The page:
What is it about?
In the mid-1970s, winter rain in coastal southwestern Australia (SWA) fell sharply followed by a more gradual decline from the late 1990s onwards. At the same time, summer rainfall gradually increased in the inland SWA region in the mid-1970s, although later it also gradually decreased since the beginning of the 21 century. The reduction of winter rainfall along the coast in the mid-1970s is suspected to be related to the poleward shifting of the subtropical jet. This paper shows that both the winter reduction along the coast and the increase in inland summer rainfall are associated with the positive phase of the southern annular mode (SAM). In addition, quantitative analysis of frequency and intensity shows that the previous reduction in winter rain was due to a reduction in the frequency of strong fronts, while the reduction in the late 1990s was due to an increase in dry days and reduction of light rain days. The paper also shows that increased summer rainfall was associated with more frequent and more intense eastern troughs, possibly associated with increased numbers of intense tropical cyclones in northwestern Australia.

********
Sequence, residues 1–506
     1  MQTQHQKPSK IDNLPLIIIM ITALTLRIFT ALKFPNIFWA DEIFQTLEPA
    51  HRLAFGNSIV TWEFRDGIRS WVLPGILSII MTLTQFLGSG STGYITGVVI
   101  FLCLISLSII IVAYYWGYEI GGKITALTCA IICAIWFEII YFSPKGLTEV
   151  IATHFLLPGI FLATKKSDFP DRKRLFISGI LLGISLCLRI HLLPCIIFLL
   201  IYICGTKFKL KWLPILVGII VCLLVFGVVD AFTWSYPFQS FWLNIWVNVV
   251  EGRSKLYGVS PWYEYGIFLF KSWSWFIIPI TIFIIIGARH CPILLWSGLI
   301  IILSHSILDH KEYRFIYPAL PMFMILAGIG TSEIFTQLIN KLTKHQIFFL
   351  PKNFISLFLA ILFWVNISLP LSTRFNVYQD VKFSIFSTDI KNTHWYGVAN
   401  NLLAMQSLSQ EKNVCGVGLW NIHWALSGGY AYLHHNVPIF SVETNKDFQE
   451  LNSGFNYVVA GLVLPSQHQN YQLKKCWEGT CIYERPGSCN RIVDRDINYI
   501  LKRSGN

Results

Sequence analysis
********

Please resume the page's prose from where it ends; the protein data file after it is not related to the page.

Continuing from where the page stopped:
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Why is it important?
These changes in the rainfall are linked to the southern annular mode (SAM) and El Nino Southern Oscillation. The reduction in coastal rainfall and the increase in rainfall inland both when the SAM is in the positive phase (southward shift of the Jet), especially when the phase of ENSO is neutral.
Read the Original
This page is a summary of: Rainfall Changes over Southwestern Australia and Their Relationship to the Southern Annular Mode and ENSO, Journal of Climate, August 2014, American Meteorological Society, DOI: 10.1175/jcli-d-13-00773.1.
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